The Monarch Butterfly: YOU Can Help Them Now!

As a child growing up in Iowa in the 70’s and 80’s, monarch butterflies were common. So common that the notion that some day they would be on the verge of extinction would have been laughable. Today, it seems extinction of the monarch butterfly is not an unlikely scenario if current trends in their population decline continues.

But unlike other declining species, species that require hundreds of acres of pristine habitat for survival, the monarch can thrive in our backyards, parks, and other suburban areas with a minimal effort on our part. It’s as EASY as this:

1. Select a spot in your backyard, preferably a sunny spot.
2. Mark off an area in your yard for a butterfly garden.
3. Remove any sod and till the area with a garden tiller or hand cultivator enough to loosen the soil for planting of seeds and already potted plants.
4. In the new garden, plant milkweed species and nectar rich flowers.
5. Maintain the garden by watering and weeding as necessary.

It’s as simple as that!

In the Midwest, there are nearly a dozen different milkweed species. When I plant milkweed, I plant those native to Iowa: Common milkweed, butterflyweed, Sullivant’s milkweed, and swamp milkweed. I’ve collected seed in the wild from ditches and prairie remnants. Some species like Sullivant’s milkweed no longer exist in the area, so I’ve ordered seed online from a fine native plant nursery: “Prairie Moon Nursery”; other sources exist. Monarchs are not that picky and any of the milkweed species listed above are acceptable to them. Be patient though, because from seed, it may take a couple of years before milkweed plants reach mature size.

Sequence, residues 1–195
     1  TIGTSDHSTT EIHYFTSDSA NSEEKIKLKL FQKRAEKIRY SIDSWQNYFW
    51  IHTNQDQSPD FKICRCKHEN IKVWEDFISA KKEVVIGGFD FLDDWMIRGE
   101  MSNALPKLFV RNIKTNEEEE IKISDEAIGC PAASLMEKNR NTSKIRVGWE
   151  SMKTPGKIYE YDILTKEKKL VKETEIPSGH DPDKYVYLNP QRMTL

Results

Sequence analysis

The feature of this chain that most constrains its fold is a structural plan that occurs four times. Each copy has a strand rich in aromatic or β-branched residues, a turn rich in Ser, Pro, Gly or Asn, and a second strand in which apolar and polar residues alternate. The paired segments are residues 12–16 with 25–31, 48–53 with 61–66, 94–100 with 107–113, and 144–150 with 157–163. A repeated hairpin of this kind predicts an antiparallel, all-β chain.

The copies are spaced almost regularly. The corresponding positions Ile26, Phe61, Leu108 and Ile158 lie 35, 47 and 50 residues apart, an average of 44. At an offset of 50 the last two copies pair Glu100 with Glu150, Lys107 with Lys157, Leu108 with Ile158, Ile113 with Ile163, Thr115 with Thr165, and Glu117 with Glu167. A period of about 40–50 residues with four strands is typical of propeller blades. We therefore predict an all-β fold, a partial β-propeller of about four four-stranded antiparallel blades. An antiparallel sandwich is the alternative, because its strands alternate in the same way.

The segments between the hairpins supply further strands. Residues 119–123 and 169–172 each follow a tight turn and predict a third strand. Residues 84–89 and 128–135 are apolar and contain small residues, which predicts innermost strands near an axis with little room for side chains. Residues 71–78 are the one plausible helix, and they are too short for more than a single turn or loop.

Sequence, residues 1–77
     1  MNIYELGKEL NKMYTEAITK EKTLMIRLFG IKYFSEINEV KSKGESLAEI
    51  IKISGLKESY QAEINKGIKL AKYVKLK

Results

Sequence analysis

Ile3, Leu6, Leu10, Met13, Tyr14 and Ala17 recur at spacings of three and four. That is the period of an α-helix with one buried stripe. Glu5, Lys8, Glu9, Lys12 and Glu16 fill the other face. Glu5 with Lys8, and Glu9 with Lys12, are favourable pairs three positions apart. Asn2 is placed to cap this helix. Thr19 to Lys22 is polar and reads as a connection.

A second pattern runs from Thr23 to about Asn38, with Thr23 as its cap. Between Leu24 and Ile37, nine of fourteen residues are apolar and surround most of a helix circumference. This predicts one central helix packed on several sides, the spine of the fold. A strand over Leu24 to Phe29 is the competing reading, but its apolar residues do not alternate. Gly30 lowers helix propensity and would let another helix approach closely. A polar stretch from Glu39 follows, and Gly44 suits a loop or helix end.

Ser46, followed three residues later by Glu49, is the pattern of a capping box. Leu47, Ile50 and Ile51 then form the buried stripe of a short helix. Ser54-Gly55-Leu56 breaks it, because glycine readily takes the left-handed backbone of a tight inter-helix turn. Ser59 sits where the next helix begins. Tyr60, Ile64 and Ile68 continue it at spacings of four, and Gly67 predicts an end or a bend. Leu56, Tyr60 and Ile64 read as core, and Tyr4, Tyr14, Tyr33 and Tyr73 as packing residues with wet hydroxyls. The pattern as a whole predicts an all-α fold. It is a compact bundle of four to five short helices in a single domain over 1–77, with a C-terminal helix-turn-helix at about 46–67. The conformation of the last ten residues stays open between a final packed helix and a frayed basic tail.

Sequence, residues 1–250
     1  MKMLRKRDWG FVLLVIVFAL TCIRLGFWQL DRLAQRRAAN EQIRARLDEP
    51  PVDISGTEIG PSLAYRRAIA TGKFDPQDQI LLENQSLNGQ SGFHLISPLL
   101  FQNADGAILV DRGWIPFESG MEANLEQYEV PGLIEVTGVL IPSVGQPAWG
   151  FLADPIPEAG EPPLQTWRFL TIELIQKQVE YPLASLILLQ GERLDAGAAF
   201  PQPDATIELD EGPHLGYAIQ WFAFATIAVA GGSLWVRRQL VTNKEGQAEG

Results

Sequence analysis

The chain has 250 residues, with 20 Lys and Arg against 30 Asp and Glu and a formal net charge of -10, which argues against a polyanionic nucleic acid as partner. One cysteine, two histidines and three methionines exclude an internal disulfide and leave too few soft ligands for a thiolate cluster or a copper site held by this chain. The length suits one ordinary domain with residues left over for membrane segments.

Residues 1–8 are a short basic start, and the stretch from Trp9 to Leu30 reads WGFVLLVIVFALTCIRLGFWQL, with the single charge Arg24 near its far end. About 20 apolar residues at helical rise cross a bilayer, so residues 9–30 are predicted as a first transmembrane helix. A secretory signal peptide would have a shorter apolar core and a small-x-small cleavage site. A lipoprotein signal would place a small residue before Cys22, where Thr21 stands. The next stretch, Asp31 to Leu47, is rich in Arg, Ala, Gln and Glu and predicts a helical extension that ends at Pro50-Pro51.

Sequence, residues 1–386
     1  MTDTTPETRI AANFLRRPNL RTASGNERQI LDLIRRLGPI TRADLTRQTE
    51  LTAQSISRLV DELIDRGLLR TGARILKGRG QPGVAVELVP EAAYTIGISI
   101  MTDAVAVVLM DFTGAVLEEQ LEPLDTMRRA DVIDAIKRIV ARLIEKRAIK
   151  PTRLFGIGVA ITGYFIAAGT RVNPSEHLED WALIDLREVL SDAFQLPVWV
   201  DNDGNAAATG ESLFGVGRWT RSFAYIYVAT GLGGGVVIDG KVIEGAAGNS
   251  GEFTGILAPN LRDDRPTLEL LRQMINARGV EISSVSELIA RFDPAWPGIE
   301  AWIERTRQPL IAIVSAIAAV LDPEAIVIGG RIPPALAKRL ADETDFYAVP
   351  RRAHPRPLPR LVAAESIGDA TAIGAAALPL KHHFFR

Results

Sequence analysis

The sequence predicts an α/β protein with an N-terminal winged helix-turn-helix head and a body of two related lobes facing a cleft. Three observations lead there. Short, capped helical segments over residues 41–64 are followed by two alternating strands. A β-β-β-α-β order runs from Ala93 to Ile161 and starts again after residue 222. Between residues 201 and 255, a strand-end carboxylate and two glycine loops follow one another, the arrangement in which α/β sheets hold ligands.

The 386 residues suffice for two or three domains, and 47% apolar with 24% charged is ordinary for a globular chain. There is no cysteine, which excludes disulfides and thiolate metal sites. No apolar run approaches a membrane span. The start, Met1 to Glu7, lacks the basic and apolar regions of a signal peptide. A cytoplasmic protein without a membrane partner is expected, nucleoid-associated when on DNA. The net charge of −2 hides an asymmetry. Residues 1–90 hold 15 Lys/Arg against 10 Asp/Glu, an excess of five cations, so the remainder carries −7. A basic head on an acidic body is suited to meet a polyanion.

Planting other flowers with the milkweed is a good idea. I choose prairie plants native to Iowa: prairie blazing star, rough blazing star, pale purple coneflower, stiff goldenrod, native asters, and others. Planting these species will provide nectar sources and attract monarchs to your yard where they will find the milkweed you planted.

If enough people take these steps, the monarch might again be common.

In future posts, I will be sharing my efforts to help the monarch in my yard. I hope I have encouraged at least one person to join the effort to save the monarch butterfly. The world will not be as interesting without the monarch.

I leave you with this quote from Beebe:

“The beauty and genius of a work of art may be reconceived, though its first material expression be destroyed; a vanished harmony may yet again inspire the composer; but when the last individual of a race of living beings breathes no more, another heaven and another earth must pass before such a one can be again.” — William Beebe

It Doesn’t Take Much

In my nearly thirty years of habitat restoration efforts, one thing I’ve learned is that nature will respond to even the most miniscule of efforts to restore habitat.

My family’s 2.5 acre prairie restoration and small adjoining windbreak in North Central Iowa which started as a field of corn stubble in1988, has yielded results far exceeding what we expected. The habitat we’ve nurtured has attracted prairie birds like meadowlarks and dickcissels. Migrant prairie birds like American Golden plovers and upland sandpipers. A multitude of butterlies and dragonflies that I need to learn to identify. Early in our efforts, there was the signs of a badger. The Summer prairie teems with life.